Katie: So the Wolverines are 5-0 but it doesn’t quite feel that way. After two tough weeks where backups should have seen playing time but instead were left to watch as their teammates played for their B10 Championship lives, a win against Minnesota doesn’t exactly cleanse the palate.  It was a good win, but a victory in Happy Valley is a most necessary followup. And considering that the Nittany Lions are 3-2, with a loss last week to the Hoosiers, the outlook is rather good for the Wolverines to continue undefeated.

But the Nittany Lions have been amassing more than a fair share of offensive yards per game, averaging 475. With a starter out for Michigan in Ondre Pipkins, the Wolverines could certainly use someone who is arguably the best player on the defense, Jake Ryan. to return. The counter to racking up so many yards per game however, is how many the Penn State defense is allowing.  Against Indiana, the Lions gave up 486 yards and lost 24-44. If Michigan can put Penn on its heels early, with consistent throws and a good running game, they should be able to dig the Lions into a pit they can’t claw out of. The key for the Wolverines will be to do better on 3rd down percentage defensively. If the Nittany Lions aren’t able to rack up a series of long drives, it isn’t likely that their defense will be able to hold Michigan.  I’ve got the Wolverines winning this one, even given the hostile crowd they will be playing in front of (fingers crossed that Gardner doesn’t get rattled, or that Morris would be ready at the helm if he is).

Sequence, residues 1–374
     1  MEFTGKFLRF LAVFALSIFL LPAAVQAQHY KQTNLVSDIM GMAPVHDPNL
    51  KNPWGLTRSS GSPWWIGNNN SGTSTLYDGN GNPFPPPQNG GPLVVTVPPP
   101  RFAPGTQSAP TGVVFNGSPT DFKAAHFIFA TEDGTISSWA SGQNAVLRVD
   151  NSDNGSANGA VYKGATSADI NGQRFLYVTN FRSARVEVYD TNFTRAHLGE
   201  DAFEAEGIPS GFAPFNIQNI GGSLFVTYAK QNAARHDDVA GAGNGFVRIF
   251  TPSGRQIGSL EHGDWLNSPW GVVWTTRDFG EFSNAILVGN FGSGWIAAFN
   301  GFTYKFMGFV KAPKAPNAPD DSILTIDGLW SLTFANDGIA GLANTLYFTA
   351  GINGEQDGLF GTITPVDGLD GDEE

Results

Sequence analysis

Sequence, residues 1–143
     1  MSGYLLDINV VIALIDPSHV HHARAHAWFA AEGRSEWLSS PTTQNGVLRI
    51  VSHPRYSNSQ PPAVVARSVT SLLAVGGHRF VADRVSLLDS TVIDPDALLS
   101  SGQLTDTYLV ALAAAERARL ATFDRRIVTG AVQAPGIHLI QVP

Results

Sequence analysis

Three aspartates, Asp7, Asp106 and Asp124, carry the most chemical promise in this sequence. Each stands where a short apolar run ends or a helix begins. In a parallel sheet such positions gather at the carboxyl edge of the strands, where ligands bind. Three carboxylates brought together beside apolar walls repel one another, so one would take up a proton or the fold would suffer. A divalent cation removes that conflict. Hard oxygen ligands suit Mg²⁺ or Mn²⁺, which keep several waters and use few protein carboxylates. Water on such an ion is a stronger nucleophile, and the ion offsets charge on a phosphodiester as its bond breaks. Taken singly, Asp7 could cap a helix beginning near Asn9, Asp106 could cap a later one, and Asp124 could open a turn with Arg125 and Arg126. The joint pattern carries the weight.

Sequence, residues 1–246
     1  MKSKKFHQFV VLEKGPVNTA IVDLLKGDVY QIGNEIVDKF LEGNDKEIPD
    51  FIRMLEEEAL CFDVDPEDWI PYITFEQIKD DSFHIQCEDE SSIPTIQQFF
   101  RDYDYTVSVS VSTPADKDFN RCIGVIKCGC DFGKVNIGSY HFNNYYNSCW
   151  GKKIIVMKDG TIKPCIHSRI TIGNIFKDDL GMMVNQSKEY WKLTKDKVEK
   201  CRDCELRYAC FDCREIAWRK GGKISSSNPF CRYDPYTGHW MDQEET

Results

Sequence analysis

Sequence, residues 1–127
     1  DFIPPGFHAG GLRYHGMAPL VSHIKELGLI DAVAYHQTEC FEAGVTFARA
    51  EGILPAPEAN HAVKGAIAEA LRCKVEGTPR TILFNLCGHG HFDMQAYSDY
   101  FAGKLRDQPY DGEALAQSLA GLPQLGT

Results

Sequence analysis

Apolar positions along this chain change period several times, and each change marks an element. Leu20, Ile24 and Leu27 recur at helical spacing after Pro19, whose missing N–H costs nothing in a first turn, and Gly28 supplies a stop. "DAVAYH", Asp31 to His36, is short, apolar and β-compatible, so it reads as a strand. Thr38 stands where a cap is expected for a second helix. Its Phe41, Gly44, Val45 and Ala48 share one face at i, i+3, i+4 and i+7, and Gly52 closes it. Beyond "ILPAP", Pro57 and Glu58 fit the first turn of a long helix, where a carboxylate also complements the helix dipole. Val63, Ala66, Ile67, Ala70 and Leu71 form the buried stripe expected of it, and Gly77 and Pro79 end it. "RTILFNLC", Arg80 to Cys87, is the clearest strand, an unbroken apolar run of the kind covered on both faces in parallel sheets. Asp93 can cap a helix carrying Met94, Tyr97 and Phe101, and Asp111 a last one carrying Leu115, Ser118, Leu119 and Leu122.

Michigan 35 Penn State 21

For more coverage of this week’s game, see: Michigan-Penn State game preview; this week’s edition of Friend vs Foe with Jared Slanina and Bill DiFlippo of the Penn State SB Nation blog Black Shoe Diaries; Monday’s First Look: Penn State, and this week’s Five-Spot Challenge. We also featured a new urban garden campaign by Vincent Smith, Martavious Odoms, and Brandin Hawthorne to expand their Pahokee garden and build one in Denard Robinson’s hometown of Deerfield Beach, Fla. Finally, Alexandra showcased some great maize and blue fashion that you can find in and around Ann Arbor to look great on gameday.

Also check out game previews from MGoBlog, Maize n BrewTouch the BannerMaize n Blue Nation, Maize and Blue News, and The M Block.

From the other side, game preview from Black Shoe Diaries as well as their roundtable predictions.